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Atomic Plants. Godzilla. Spider-Man.

We know by now that most effects of radiation are detrimental.  But in the immediate post-war years, the idea that this new atomic force might possibly imbue animals, people, seeds with some of its own mysterious power was widespread.

Roughly coincident with the atomic gardens, films and comic books featured creatures and heroes like Godzilla (1954), Spider-man (1962) and the Incredible Hulk (1962) whose  superpowers–and attendant problems–were bestowed by radioactivity.  Their mixed potential to be both good and evil, fierce and friendly is an accurate representation of the mingled amazement, hope, and fear the public felt in the nuclear age.

Godzilla in a scene from the film. © Toho Co. Ltd. ALL RIGHTS RESERVED

 

John Hersey’s classic Hiroshima (1946) (2), contains an account of lush plant growth overtaking the bombed out city; a sight that is described as both beautiful and creepy.  His description points, again, to the atom-blasted soil of Hiroshima and Nagasaki as the incubator for the idea that radiation could create super plants.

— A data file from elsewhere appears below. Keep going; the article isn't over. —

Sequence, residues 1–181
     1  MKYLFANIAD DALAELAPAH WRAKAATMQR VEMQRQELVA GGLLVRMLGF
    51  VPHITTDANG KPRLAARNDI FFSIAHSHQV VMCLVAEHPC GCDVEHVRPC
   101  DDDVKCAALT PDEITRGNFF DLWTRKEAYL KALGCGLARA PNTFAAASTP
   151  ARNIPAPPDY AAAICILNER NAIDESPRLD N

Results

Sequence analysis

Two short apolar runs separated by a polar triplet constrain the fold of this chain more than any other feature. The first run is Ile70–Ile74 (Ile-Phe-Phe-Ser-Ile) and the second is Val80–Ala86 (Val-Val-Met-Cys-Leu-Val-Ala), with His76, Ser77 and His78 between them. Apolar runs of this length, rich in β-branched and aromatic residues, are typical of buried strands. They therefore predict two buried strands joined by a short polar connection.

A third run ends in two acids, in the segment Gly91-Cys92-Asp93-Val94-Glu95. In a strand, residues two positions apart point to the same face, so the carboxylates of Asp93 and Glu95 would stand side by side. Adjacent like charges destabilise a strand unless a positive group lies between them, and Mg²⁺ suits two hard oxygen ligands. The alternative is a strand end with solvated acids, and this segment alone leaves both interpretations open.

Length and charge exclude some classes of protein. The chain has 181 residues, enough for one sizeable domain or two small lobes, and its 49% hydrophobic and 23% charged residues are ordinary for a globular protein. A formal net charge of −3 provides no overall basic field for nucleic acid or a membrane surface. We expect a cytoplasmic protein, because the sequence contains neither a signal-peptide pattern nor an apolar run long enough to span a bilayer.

“Even though the wreckage had been described to her, and though she was still in pain, the sight horrified and amazed her, and there was something she noticed about it that particularly gave her the creeps. Over everything—up through the wreckage of the city, in gutters, along the riverbanks, tangled among tiles and tin roofing, climbing on charred tree trunks—was a blanket of fresh, vivid, lush, optimistic green; the verdancy rose even from the foundations of ruined houses. Weeds already hid the ashes, and wild flowers were in bloom among the city’s bones. The bomb had not only left the underground organs of plants intact; it had stimulated them. Everywhere were bluets and Spanish bayonets, goosefoot, morning glories and day lilies, the hairy-fruited bean, purslane and clotbur and sesame and panic grass and feverfew. Especially in a circle at the center, sickle senna grew in extraordinary regeneration, not only standing among the charred remnants of the same plant but pushing up in new places, among bricks and through cracks in the asphalt. It actually seemed as if a load of sickle-senna seed had been dropped along with the bomb.”

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